January 30, 2015
If you haven’t seen it already, No More’s Super Bowl ad is poignant, powerful, and thoughtfully demonstrates how important it is for us to listen when survivors reach out. The ad will run sometime during the first quarter and is sure to grab everyone’s attention. This Sunday, as families and friends gather to watch the commercials or the game, we have the opportunity to kickstart conversations about ending domestic violence and sexual assault.
January 15, 2015
The National Network to End Domestic Violence (NNEDV) echoes President Barack Obama’s message today that calls on Congress to pass the Healthy Families Act, championed by Congresswoman Rosa DeLauro (D-CT) and Senator Patty Murray (D-WA), which would allow millions of working people to earn up to seven days per year of paid sick time. Workers could use this time to care for themselves or a sick family member, obtain preventive care, or address the impacts of domestic violence.
January 9, 2015
What do you think of when you hear the term “stalking?” Is it Glenn Close’s character in Fatal Attraction? Is it the “love” demonstrated in the song “Every Breath You Take” by The Police? Through characters and songs like these, we absorb cultural notions and views about what a stalker is and what they do.
December 23, 2014
In the past few months, the media has been in full swing over the hacking of many female celebrity intimate photos. Despite the vigorous discussions, very few have touched on the pervasiveness of online harassment for women and specifically for victims of domestic violence, sexual assault and stalking.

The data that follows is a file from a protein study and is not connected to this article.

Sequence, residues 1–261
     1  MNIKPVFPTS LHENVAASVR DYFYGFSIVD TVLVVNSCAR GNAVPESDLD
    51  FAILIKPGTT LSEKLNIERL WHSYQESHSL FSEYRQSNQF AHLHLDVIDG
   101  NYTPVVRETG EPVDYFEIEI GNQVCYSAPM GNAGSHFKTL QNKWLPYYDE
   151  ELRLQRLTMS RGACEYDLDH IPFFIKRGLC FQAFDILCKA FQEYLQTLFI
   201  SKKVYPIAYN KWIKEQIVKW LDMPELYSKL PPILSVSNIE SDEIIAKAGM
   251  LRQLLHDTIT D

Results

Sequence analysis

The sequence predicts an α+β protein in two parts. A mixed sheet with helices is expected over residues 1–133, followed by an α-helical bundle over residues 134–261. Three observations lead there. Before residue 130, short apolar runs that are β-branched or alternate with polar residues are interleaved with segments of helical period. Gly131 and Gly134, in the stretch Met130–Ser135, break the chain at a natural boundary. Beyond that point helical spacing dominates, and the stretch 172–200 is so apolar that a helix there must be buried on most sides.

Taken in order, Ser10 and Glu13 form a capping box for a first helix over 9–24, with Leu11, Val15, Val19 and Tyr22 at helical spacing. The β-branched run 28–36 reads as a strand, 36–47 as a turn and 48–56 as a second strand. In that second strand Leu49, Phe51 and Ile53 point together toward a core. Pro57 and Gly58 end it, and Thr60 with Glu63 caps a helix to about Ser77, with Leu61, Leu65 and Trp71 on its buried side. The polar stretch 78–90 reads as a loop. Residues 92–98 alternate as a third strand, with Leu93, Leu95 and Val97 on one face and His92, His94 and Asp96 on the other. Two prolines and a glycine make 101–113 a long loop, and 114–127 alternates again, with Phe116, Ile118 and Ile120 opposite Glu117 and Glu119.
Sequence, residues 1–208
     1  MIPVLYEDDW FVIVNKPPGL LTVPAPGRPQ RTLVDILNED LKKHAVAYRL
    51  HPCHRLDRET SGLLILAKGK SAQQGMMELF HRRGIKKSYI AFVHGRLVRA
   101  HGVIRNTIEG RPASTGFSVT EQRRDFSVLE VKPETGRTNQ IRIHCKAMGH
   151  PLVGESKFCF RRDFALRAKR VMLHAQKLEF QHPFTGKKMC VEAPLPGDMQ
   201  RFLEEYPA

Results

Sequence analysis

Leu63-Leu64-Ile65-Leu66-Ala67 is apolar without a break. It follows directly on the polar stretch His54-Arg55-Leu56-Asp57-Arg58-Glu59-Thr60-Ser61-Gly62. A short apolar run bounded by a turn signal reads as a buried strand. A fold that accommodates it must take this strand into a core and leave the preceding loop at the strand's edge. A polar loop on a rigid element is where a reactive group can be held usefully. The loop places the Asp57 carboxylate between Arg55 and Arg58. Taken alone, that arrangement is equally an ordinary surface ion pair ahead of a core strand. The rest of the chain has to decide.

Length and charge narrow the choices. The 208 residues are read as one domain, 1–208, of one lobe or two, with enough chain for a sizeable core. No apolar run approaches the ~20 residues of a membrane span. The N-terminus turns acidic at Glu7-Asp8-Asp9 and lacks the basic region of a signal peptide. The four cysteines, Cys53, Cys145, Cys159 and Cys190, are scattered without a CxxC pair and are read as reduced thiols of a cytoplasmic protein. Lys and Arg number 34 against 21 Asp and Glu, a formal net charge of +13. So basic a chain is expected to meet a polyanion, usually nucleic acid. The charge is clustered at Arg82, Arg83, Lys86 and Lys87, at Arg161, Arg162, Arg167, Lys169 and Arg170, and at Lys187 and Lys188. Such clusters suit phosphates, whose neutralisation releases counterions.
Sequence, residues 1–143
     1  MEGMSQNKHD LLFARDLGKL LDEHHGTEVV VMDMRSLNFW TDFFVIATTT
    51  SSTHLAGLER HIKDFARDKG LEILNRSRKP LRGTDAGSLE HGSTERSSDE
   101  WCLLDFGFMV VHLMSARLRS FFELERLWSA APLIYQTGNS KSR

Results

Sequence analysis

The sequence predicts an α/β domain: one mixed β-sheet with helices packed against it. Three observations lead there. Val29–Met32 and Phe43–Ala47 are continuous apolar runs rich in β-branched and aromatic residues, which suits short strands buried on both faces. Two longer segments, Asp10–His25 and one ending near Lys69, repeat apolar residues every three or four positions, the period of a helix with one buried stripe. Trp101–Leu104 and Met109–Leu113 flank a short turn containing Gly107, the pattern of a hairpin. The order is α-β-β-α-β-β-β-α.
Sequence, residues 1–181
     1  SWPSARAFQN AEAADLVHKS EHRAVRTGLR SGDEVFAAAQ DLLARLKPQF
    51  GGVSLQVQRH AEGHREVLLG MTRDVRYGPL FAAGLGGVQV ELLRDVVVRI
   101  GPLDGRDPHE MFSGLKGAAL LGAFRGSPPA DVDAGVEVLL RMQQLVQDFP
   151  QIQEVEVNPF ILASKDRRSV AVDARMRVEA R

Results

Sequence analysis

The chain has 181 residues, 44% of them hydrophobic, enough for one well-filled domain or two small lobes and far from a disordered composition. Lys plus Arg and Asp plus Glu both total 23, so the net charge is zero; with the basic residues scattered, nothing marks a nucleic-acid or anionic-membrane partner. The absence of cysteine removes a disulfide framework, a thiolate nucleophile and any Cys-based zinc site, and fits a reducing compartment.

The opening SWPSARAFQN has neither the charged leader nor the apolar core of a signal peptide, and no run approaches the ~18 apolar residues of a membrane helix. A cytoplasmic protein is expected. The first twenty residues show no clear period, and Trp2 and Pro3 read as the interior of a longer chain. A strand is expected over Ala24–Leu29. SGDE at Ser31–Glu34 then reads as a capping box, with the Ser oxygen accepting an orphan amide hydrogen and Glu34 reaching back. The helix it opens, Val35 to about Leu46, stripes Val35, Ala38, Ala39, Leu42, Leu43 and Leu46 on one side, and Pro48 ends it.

Online harassment isn’t new. For years, perpetrators have misused online spaces to harass, blackmail, control and bully victims in various ways, including accessing victims’ accounts to monitor their activities; spreading harmful lies about survivors through social media; posting sexually explicit images of survivors without their consent; and making violent threats or harassing survivors through anonymous accounts.
December 22, 2014
How many times have you heard or asked this question in relation to domestic violence: “Why doesn’t the victim just leave?” This question assumes that there is a “somewhere-else-to-be.” Sadly, the barriers survivors face when leaving often mean this mythical “place-to-go” is non-existent, thus forcing survivors to choose between continued abuse and homelessness.
Survivors and their children flee their homes – often in the middle of the night with nothing more than a few belongings – and need a safe place to find refuge and then permanent housing where they can raise their children free from violence. Yet, when survivors do summon the courage to leave, they are not always met with open doors. Domestic violence shelters are often full – on just one day in 2013, 5,778 requests for shelter and housing were denied due to a lack of resources – and many other resources unavailable or out of survivors’ reach.